This one is from Tim Ferriss, and you can read about it in his blog in more detail. In a nutshell, the exercise is to make you write down all the ‘worst case’ scenarios that can happen when you make your decision. Not only that, but you also need to rate the likelihood of those things actually happening. Finally, you need to come up with a plan to recover if the worst case scenario indeed happened.

What this exercise does is making your fears more tangible and it forces you to be super practical about implication and outcomes as well as about your recovery plan in the various scenarios. What often happens is that you realize that your ‘worst case’ scenario is not unmanageable after all; you would still live and walk away with some good learnings. We are a lot more resourceful than we often think, and it is only in these ‘worst case’ scenarios in life when we realize that. Fear-setting is the simulation of this, prepping you for the real deal, but also making you recognize that you can handle whatever happens.

3. Trick your brain

I could say ‘tap into your intuition’ but it is more than that, and it also sounds less cliche than the intuition advice every instagram life coach would give you. :) Ok, so you probably know about the placebo effect. What is interesting about it is this: when your brain believes something, there are physical (and emotional) reactions that are triggered by that belief. That is why people who are given a placebo painkiller feel better; not just because they believe in it, but there is also a real physical reaction when the brain gives the instruction to the body to produce its own version of pain relief (endorphin).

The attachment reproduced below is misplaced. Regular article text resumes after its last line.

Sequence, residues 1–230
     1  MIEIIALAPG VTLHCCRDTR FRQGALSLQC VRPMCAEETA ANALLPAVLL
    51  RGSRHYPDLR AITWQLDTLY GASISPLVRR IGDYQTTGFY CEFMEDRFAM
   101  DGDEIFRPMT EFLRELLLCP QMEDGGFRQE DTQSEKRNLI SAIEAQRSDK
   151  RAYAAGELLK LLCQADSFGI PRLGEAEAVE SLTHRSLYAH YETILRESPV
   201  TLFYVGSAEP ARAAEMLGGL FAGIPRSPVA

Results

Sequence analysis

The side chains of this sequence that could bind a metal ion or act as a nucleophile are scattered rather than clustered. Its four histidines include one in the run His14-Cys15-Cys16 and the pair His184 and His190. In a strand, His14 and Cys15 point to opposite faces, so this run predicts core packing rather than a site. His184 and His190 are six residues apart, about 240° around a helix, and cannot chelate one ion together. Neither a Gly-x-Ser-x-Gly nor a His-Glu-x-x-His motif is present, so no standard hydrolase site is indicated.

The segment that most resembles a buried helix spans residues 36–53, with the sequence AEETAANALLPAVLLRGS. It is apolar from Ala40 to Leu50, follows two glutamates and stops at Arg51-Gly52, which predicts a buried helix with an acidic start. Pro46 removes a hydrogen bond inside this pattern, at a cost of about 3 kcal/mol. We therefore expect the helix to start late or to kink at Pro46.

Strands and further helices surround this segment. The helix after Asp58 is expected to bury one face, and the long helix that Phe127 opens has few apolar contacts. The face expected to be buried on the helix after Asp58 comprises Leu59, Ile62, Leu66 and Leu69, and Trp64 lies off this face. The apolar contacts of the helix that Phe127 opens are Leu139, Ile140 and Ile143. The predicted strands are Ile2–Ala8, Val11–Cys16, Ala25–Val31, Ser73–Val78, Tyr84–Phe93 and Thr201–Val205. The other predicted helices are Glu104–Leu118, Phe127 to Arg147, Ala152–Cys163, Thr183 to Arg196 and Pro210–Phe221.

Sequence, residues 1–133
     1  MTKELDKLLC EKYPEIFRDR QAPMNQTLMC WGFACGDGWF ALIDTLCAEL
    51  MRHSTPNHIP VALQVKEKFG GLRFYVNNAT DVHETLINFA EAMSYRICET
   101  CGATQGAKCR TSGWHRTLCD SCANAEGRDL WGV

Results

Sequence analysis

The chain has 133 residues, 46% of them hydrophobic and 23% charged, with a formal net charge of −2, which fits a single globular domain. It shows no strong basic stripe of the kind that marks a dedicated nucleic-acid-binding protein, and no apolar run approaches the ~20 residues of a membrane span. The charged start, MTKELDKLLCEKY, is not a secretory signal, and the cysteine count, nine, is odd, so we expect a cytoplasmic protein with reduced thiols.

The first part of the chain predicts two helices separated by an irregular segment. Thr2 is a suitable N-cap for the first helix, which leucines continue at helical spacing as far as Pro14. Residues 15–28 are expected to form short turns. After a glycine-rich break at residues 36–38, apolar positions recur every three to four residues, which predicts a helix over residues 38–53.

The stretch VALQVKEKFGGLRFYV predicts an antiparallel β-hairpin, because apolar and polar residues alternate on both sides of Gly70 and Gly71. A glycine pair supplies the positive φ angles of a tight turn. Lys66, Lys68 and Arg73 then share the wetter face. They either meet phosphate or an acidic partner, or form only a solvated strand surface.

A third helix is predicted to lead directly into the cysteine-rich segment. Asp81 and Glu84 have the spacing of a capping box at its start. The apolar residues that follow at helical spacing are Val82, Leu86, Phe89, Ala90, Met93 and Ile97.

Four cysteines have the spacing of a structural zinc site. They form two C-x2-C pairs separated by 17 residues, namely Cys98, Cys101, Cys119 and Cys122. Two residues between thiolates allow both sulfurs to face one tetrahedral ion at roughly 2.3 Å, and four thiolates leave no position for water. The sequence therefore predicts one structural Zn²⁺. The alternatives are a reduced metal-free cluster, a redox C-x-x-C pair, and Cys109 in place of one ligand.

The other thing we know from neuroscience is that our brain cannot tell the difference between reality and something we imagine, whether it is a dream or a manifestation (a vision you want for your life). Ok, so what to do with all this?

When you need to make a decision between, say two options, start with one and imagine what your life would look like if you picked that. How would the decision impact your day to day? And your relationships? How would people react to your decision? How would you go about your life and the implications triggered by the decision? This is not a 5min exercise, as you need to make your brain see details to the point that it feels like the new reality. Now, what you do is notice how this reality feels. Are you happy about who you are, where you are and what you do? Can you handle the challenges and difficulties that come with it? Wait a day or two, and repeat the exercise but now with option #2. Most likely you will know but more importantly, feel, what the right decision is.

Lastly, I want to recognize that some decisions in life are truly difficult. They are difficult because there isn’t a perfect option, all scenarios have trade-offs and they all entail something that we are uncomfortable with or anxious about. Most often, these decisions require you to make a change, which can be really stressful and scary. You will face these decisions in life for sure, but most often, the decisions you need to make are not in this category.

Most often we face decisions that have a simple answer. An answer that you probably know in your heart already. Overthinking is just your brain’s way of trying to rationalize your decision, and to reassure you that it is the right one. If you are someone who tends to overthink things, next time you face a decision, ask yourself ‘If the answer was simple, what would it be?’ See what the answer is without trying to justify it. Trust that a simple ‘this is what feels right’ is enough.